OpenGL ES Bootcamp
As problem sets explode in complexity, radical gains in performance have resulted from moving traditional graphics processing from the CPU to GPU. If you are doing any work concerning graphics, then you must know OpenGL and this class is the fastest way to master the ideas and techniques of OpenGL programming.
By taking full advantage of hardware acceleration, shaders, blending, textures and video we'll help you get the most out of your data. Learn how OpenGL works, what functionality it does and does not provide, how to profile your code to reach peak performance and much more.
The course will provide libraries and frameworks for abstracting the operating system and allowing the student to focus solely on learning OpenGL. Concepts and exercises which are tangentially related to OpenGL and depend on interaction with the OS will be taught using Mac OS X technologies (such as multiple rendering contexts or multithreaded OpenGL applications).
What You'll Learn
- Specify 3D geometry for OpenGL
- Write vertex and fragment shaders for full control over 3D rendering
- Understand how to use transformation matrices to position objects in a 3D scene
- Create perspective and orthogonal views
- Texture 3D objects with images
- Control lighting in a 3D scene
- Control the camera in both first- and third-person views
- Add special effects like bump mapping and shadow mapping
- Render point clouds and make animated particle systems
- Select 3D objects in a rendered scene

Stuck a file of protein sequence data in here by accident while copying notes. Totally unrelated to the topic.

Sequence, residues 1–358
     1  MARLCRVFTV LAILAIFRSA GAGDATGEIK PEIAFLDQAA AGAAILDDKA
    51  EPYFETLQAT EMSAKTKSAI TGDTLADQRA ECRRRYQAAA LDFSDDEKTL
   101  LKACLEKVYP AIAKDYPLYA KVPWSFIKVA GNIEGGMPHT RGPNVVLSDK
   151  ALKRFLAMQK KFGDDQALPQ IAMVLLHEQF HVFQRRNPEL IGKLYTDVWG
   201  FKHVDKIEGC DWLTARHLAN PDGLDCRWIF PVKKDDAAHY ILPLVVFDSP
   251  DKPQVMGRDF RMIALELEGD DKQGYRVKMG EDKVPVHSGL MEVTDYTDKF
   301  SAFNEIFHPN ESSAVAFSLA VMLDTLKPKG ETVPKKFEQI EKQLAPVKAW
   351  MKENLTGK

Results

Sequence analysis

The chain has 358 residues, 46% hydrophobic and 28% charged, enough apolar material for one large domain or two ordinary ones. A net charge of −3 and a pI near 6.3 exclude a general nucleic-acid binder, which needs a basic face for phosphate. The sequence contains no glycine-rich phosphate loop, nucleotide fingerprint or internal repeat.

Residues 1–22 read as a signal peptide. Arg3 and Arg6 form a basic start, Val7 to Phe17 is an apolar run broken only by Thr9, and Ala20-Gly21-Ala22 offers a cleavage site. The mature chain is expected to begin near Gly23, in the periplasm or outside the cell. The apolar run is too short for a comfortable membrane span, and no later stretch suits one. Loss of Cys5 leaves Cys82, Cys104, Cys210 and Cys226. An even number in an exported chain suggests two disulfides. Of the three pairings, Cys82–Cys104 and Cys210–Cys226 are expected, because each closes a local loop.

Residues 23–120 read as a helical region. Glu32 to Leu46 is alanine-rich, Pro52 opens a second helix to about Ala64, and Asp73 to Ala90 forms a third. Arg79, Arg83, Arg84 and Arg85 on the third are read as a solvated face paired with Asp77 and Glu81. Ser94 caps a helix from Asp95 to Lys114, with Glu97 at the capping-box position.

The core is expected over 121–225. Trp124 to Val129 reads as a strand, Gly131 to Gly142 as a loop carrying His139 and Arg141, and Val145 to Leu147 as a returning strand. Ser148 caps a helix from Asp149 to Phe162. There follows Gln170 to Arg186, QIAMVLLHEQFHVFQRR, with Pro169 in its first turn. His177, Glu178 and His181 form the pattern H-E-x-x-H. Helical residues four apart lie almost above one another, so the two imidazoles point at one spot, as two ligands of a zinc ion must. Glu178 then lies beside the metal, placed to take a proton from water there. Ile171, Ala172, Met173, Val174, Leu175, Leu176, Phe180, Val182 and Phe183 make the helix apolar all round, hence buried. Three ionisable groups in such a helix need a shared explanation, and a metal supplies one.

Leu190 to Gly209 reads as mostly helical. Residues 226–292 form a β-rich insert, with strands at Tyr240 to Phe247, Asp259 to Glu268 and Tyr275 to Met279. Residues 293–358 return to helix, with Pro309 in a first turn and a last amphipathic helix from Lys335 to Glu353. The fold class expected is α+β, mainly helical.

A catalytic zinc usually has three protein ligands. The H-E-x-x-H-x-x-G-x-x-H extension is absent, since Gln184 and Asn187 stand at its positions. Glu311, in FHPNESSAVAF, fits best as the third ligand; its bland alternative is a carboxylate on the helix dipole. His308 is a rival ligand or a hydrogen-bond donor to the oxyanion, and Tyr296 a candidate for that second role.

- Create higher level scene graphs powered by OpenGL rendering
- Use OpenGL ES on iOS, Android and WebGL
- Understand the differences between the fixed function and programmable pipelines
- Understand performance bottlenecks by interpreting GPU profiling data
- Overview of next-gen graphics APIs Vulkan and Metal
How to prepare your device for our class
WHAT YOU'LL NEED
The most important thing is that your graphics card can run a relatively recent version of OpenGL. The class will be taught with OpenGL 3.2 for desktop, OpenGL ES 2.0 for mobile and WebGL 1.0 for browsers.
Bring a laptop you can develop desktop and mobile software on. If you have a choice between a Mac and PC, a Mac is preferred.
Having a provisioned iOS or Android device to run code on is great if possible. If you don't have a provisioned device, you will be able to complete the class but you will not be able to do live video processing. (We have provided an alternate lesson so you will have something else cool to do.)
Please make sure you can run code on your device before getting to class so you can spend your time learning about OpenGL instead of installing software.
Students using a Mac should have the following software:
- Yosemite or Mavericks
Students using a PC should have the following software:
- Windows 8 or Windows 7
- Visual Studio
- Most recent graphics drivers for your video card
To run OpenGL ES on iOS, you will need:
- Provisioned iOS device that supports OpenGL ES 2.0 or higher
To run OpoenGL ES code on Android, you will need:
- Android device that supports OpenGL ES 2.0 or higher
- Eclipse or Android Studio
Command line development is also fine, though the lessons are tailored towards students using IDEs.
Vectors and matrices are basic primitives in GLSL, the OpenGL shader language. Read through a few tutorials and make sure to understand the dot product and the cross product, which are the two ways we multiply vectors:
A basic understanding of how a GPU works from the programmer's point of view will explain a lot of the otherwise idiosyncratic countours of the OpenGL API. This article from the ACM is a basic overview, while Fabian Giesen's article goes into more details than we will cover in class.